3 of 5 people found the following review helpful
A pivotal record in Earle's life and career. Still astonishing.,
This review is from: Shut Up & Die Like An Aviator (Audio CD)
As brilliant as 1995's Train A-Comin' was - and it was, and remains, brilliant - the following year's I Feel Alright makes the true re-emergence of Steve Earle from the fug of heroin addiction, prison and rehab. Where the earlier record felt cautious, with Earle clearly uncertain about his own writing abilities in the first couple years of sobriety, I Feel Alright is defiant, brave, exhilarating and, occasionally, lacerating.
From the first swaggering chords of the title track, it is clear that Earle is in better health physically and mentally than at any point since Copperhead Road. A chin in the air I-Won't-Back-Down anthem, I Feel Alright sets the tone for much of the album. Fearless self-analysis, wit, tunes the size of Russia...
In many ways it is a protest record, but not of the sort Earle would come to produce later in his career - it's not Jerusalem. What angers Earle is the mythology of the Wasted Troubadour (the Hardcore Troubadour of the second track, even), the romanticising of self-destruction. With friend and mentor Townes Van Zandt crawling ever closer to his drink-sodden death, with friends falling like flies under the weight of this or that substance dependency, with he himself near destroyed by heroin, Earle knows better than most the price of that myth, the depth of the shadow cast by Hank Williams Snr from the back of that limousine all those years ago.
The stand-out track, and the one which attacks this notion with most vehemence, is the harrowing, wounding CCKMP. A filthy, pitch-black blues all droning chords and anguished howl, it is as naked and as raw as anything Earle has ever done. "Cocaine cannot kill my pain", he snarls. "Whiskey got no hold on me... Heroin's the only thing..." It's a far-cry from the cheeky, wink-and-grin of, say, Week Of Living Dangerously.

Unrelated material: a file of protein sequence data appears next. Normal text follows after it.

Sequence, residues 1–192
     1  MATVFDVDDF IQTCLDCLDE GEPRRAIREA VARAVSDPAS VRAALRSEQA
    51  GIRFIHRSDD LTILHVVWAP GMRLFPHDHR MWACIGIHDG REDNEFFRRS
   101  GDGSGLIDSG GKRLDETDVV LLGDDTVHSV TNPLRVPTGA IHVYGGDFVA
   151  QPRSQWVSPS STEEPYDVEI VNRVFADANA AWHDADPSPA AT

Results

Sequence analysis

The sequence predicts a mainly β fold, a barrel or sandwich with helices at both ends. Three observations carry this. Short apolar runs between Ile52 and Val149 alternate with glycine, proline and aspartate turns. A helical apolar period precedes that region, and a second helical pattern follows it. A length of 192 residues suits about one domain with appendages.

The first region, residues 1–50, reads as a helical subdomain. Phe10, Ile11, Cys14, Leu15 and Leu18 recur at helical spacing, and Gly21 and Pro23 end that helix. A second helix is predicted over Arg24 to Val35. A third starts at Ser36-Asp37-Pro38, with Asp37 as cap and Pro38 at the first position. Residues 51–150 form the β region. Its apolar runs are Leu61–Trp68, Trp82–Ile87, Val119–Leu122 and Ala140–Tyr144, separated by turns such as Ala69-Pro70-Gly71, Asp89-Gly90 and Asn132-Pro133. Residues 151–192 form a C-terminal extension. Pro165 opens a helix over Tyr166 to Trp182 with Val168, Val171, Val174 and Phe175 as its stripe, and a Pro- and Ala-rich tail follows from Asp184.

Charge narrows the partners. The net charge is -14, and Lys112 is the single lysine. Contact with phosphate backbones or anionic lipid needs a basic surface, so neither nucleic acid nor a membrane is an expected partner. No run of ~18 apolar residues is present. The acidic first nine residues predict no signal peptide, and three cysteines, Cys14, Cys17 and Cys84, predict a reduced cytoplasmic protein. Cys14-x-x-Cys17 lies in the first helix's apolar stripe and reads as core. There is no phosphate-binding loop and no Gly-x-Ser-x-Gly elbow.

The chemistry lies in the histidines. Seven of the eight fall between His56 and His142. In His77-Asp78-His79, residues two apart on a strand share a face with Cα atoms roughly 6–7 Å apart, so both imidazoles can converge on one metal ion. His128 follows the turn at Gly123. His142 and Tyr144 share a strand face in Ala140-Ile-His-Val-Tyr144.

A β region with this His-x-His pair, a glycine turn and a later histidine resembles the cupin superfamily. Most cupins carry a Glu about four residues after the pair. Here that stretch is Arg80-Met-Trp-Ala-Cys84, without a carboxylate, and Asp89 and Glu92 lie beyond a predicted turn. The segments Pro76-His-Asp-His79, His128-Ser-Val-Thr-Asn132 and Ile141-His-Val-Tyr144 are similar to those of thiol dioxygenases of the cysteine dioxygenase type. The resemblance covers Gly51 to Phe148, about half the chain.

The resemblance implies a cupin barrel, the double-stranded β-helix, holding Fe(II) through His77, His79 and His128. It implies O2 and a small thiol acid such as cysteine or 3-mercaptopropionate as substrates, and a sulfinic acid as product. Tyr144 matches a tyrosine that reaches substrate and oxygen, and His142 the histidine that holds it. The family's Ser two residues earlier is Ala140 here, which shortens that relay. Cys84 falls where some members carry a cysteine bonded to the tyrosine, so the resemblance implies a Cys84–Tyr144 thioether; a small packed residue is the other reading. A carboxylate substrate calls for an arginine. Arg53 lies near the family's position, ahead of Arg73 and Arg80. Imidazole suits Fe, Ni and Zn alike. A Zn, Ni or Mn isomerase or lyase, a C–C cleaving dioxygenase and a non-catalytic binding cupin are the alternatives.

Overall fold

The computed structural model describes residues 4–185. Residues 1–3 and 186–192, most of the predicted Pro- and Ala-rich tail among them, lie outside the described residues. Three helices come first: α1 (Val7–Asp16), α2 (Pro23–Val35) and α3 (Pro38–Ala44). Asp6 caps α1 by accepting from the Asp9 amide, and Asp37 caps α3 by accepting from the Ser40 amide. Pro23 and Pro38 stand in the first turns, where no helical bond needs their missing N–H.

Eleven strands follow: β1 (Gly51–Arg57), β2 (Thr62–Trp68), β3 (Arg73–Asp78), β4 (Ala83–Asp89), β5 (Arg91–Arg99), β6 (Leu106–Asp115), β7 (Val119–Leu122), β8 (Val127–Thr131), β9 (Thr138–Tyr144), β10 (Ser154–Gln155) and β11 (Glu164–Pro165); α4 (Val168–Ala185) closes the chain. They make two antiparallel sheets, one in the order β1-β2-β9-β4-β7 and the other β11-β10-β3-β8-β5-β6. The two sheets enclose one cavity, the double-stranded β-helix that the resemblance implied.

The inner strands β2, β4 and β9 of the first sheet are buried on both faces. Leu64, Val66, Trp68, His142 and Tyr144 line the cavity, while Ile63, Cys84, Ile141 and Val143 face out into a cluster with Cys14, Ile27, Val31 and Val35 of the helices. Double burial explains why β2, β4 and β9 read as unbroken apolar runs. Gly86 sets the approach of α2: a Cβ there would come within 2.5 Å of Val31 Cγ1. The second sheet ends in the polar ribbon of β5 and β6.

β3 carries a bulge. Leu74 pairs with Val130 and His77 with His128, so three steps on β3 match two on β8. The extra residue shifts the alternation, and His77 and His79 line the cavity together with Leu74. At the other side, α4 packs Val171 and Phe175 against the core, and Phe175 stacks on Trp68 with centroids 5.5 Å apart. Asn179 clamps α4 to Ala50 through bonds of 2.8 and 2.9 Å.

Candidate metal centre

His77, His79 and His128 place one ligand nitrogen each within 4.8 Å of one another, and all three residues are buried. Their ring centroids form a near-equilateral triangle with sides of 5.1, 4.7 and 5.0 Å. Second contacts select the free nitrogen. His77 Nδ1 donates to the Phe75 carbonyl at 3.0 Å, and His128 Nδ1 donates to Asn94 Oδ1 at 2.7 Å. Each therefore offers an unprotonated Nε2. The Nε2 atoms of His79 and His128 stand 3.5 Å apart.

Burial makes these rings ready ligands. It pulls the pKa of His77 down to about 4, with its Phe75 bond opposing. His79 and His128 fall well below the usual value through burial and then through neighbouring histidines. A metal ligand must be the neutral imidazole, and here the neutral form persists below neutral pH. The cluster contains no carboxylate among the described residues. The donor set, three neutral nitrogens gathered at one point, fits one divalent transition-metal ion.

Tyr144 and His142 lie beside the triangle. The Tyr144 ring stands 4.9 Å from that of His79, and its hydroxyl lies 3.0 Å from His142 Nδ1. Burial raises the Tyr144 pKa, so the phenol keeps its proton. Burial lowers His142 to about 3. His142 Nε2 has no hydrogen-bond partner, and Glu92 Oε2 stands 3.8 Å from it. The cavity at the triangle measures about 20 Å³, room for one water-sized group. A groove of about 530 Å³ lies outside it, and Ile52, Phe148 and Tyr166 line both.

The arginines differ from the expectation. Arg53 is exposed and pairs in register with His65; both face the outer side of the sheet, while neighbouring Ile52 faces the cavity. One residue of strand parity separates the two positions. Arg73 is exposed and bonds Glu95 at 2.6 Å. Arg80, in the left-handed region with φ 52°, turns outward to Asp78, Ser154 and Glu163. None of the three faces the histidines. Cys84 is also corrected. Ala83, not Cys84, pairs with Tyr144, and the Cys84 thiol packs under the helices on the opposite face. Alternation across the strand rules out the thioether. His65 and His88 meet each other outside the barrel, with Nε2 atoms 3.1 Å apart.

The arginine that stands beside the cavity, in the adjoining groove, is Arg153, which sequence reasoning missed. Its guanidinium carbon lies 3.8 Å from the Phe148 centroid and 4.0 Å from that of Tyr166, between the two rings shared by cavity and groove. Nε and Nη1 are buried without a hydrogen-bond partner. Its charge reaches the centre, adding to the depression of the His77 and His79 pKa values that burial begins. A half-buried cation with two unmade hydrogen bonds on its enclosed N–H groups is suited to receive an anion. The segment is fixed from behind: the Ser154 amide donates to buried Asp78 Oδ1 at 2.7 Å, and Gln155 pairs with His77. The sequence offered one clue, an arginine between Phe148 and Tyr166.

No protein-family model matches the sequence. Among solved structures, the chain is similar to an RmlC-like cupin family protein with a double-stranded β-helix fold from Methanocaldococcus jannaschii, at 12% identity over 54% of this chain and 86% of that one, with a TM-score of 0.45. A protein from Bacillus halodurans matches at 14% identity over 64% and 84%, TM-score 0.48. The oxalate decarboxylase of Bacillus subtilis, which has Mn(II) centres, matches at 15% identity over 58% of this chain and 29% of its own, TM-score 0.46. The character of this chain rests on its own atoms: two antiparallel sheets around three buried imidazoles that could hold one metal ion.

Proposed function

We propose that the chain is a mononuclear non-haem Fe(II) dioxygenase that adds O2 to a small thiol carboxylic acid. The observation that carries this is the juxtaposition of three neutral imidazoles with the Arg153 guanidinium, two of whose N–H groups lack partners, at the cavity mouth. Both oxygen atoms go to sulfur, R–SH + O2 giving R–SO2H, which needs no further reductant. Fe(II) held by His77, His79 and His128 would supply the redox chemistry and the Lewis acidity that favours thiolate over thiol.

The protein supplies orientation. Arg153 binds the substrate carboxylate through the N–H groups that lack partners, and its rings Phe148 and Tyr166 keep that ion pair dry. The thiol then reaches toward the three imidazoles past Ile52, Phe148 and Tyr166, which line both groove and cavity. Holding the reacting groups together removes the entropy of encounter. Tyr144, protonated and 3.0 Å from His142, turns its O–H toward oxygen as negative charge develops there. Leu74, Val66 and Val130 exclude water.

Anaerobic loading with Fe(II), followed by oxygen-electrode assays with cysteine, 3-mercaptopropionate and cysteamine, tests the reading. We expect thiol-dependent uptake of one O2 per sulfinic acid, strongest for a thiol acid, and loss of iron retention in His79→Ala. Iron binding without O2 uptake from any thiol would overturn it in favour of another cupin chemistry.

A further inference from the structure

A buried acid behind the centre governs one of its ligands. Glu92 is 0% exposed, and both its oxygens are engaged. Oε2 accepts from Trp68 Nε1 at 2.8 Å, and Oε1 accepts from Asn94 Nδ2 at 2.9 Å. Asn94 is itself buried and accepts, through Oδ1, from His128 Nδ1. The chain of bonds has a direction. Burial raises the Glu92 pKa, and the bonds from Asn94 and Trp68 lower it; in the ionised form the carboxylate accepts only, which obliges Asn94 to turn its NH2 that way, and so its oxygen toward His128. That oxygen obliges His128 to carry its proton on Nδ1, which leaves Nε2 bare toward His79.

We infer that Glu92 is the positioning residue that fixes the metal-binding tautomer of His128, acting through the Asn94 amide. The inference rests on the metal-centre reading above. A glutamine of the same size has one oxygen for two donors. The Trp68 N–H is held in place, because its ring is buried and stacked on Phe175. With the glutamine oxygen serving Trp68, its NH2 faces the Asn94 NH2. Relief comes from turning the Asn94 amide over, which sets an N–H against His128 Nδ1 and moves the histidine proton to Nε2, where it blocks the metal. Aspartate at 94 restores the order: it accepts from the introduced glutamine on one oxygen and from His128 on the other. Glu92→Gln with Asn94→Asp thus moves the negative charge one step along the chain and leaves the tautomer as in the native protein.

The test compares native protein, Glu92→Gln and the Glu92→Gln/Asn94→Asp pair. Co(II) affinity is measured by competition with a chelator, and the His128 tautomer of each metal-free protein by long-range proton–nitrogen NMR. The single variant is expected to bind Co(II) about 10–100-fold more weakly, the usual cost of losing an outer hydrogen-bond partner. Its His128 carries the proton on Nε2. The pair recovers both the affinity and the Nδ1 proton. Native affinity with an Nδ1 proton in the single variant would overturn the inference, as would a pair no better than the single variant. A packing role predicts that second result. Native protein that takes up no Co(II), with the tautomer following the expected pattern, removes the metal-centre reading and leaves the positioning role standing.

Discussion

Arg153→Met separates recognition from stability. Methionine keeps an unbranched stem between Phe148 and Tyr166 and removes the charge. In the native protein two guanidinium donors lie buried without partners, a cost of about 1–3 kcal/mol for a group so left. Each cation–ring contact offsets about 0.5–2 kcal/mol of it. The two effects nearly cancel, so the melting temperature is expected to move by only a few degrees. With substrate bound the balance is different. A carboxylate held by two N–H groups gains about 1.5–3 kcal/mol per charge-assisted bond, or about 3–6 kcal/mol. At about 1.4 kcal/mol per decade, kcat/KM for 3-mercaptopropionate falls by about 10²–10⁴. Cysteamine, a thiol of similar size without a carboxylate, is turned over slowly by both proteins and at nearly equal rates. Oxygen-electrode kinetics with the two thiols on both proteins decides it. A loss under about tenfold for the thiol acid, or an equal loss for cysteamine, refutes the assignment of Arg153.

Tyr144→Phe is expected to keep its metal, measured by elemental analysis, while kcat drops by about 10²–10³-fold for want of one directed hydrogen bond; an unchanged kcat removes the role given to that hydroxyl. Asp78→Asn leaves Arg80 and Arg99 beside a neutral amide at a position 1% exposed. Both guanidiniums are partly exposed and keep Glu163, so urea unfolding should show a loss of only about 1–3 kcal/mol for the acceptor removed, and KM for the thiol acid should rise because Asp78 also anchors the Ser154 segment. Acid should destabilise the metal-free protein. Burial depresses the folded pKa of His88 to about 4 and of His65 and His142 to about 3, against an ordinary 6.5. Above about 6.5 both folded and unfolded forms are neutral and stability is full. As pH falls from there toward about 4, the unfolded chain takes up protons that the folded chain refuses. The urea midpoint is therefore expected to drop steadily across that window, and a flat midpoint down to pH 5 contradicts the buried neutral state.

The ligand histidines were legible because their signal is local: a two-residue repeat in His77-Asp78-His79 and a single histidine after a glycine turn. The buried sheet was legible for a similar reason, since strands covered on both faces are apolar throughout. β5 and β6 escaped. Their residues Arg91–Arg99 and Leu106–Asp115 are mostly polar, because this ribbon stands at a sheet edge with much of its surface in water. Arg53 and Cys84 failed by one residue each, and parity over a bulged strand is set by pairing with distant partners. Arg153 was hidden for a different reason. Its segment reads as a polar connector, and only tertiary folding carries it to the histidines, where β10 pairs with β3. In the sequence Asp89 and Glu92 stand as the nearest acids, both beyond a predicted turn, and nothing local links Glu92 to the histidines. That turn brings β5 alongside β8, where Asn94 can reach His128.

This is not to say, though, that I Feel Alright is some kind of endurance test for the listener - no-one's going to mistake this for a recent Scott Walker record. Earle never allows the anger or the heartache to override his way with a melody. Some of his most memorable compositions reside herein - the title track, Hardcore Troubadour, Valentine's Day, South Nashville Blues, You're Still Standin' There - the latter a gorgeous duet with Lucinda Williams, whose masterful Car Wheels On A Gravel Road Earle would go on to produce.
I Feel Alright is among the most consistently rewarding and memorable Steve Earle records, and achieves its main goal within the first five minutes, proving without doubt that when sober, Steve Earle is a hundred times the writer and performer he was when high. It is a kick in the face to a destructive, shallow myth, and an overwhelming victory for both Earle and his audience.
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Showing 1-2 of 2 posts in this discussion
Initial post: 14 May 2010 18:54:58 BDT
G. John says:
I think this reviewer is writing about a different album - not the live 'Shut up and die like an aviator' at all...
In reply to an earlier post on 12 Jan 2011 16:09:02 GMT
yep-it is in fact the 1996 album-I feel alright-apart from that its a fine review.
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